Wednesday, January 28, 2015

Saint-Jean-Pied-de-Port. Gateway to Roncesvalles, A Route on Way of Saint James. Modern Scallop Shell Marker

Saint Jean Pied de Port. Basque country.  Distinctive deep-red shutters, peaked roofs, white stucco. 


This strategic medieval area has served interests of the military, traders, pilgrims on the way to Santiago de Compostela in Spain (Way of Saint James), invaders and defenders -- Christians and Saracens and others in that centuries-earlier conflict. A cluster settlement or village known as Ugange appears in the 11th Century, more identifiable in the 12th Century. Itdeclined when a new lower town with walls at the river developed in the 13th-14th Centuries, St. Jean Pied de Port. Pied de Port. At the foot of the port?


Most houses angle toward the sun, south; with no windows on the north side, to keep heat in and protect against Atlantic or other winds.  See http://www.abelard.org/france/pyrenees_atlantiques2_pays_basque.php/  The bottom level may still have cart-accommodating doors, as animals and farm equipment were housed there, as well as some of the bedrooms and the kitchen.  Upper stories came later, and offer more bedrooms.  Several generations traditionally lived together.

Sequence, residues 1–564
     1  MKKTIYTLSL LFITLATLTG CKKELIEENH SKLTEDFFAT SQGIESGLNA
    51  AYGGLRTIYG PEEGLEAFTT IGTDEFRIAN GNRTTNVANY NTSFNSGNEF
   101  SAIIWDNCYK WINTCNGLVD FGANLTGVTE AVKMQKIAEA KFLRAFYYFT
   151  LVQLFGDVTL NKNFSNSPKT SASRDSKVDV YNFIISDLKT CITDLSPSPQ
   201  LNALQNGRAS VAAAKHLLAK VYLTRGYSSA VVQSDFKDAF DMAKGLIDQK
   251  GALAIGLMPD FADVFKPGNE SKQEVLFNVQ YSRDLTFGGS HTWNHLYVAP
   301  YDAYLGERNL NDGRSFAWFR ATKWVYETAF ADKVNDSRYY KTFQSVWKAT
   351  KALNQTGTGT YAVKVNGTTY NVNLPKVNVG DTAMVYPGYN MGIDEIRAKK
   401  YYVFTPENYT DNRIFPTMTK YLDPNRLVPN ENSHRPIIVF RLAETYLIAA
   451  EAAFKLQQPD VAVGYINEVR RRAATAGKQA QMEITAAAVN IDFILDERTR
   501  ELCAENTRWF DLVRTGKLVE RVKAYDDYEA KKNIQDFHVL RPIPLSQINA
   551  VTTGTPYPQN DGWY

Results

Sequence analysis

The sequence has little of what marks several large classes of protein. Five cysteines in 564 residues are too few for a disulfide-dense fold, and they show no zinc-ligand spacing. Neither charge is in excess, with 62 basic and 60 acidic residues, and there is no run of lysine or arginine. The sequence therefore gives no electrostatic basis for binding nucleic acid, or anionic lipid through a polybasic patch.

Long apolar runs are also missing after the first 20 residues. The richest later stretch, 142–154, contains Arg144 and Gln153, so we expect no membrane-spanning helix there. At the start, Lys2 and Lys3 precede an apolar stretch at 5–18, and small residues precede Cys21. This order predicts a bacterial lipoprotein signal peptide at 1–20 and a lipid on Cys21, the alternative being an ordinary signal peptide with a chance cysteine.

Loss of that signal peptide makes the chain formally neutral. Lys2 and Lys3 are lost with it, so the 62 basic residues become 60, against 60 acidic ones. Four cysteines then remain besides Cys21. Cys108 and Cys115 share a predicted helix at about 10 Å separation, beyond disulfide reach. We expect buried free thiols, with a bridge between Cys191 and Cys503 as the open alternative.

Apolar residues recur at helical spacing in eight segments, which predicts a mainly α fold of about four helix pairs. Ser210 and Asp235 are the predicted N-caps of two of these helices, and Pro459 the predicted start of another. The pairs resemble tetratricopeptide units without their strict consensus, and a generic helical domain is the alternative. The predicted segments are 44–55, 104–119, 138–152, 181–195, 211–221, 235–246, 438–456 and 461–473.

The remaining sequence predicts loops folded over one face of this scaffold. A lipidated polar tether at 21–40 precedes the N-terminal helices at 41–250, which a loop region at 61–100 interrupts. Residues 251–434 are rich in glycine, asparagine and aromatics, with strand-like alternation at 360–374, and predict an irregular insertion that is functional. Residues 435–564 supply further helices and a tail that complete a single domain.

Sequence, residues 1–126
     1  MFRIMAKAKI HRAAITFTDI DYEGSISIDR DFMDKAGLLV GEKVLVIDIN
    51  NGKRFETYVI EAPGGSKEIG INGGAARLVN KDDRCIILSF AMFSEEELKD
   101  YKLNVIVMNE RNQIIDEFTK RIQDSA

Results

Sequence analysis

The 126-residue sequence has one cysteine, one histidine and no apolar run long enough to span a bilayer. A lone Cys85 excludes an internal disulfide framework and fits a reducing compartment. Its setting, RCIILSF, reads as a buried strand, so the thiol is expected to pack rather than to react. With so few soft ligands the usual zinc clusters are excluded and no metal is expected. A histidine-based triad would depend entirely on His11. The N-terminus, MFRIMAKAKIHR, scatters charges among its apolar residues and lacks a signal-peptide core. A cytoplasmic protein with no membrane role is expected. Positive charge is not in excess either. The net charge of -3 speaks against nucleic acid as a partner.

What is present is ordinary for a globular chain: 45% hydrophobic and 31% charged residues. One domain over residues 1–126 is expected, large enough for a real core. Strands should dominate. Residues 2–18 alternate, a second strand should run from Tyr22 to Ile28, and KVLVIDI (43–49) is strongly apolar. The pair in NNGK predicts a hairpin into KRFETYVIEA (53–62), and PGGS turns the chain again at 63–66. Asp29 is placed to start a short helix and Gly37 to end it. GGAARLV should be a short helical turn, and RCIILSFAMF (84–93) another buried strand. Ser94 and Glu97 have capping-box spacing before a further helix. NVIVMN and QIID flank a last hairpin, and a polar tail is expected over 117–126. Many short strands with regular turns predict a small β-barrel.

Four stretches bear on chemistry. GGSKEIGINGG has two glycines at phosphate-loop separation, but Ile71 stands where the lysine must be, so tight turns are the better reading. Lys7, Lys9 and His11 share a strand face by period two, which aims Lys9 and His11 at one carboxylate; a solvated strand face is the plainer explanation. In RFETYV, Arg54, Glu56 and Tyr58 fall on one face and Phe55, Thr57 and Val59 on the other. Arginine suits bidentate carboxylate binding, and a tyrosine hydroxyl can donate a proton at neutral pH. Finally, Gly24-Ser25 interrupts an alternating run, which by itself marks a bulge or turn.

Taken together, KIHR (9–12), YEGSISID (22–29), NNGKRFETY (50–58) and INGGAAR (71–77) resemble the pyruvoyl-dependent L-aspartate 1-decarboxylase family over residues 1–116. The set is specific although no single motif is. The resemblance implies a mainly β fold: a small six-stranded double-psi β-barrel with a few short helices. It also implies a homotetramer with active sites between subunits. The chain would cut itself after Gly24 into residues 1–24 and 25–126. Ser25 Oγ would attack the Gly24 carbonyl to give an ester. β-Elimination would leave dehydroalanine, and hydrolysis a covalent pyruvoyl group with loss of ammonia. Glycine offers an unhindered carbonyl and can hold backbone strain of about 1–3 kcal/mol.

Basques enjoy a unique history, and language, and DNA --see site.  They have little interest in being absorbed by the larger government around, like Spain or France.   Their flag is red and white with green; this symbolizes their rejection of the French flag colors, red white and blue.

Basque houses like this are usually no older than the 16th century. See the Pyrenees Atlantiques site for regional differences.


St . Jean Pied de Port offers both residences and businesses on the river.



There at center, slightly left, on the road, is a pilgrim, large brimmed hat, staff.  Click to enlarge to X-Large.  This lady has 754 km or some 468 miles to go to Santiago de Compostela.  http://www.distancesfrom.com/

Squint to see her, little figure with floppy hat, staff, following the scallop shell signs found in many forms over Europe in adjoining countries, and further.


It was located on the sidewalk itself.  The yellow on blue, modern shape scallop shell, represent the European Union.  See http://www.caminoteca.com/index.php/symbols-of-the-camino.html/  The shell itself represents the scallops covering the body of St. James, after his beheading in 44AD in Jerusalem, and his disciples sending the body by ship to the Iberian peninsula, shipwreck, body recovered so covered, and other explanations, see site.



Roncesvalles or Roncevaux:  the area of battle in 778 AD between the Saracens and the Christian Roland and his army, the rear guard for Charlemagne's forces.

 

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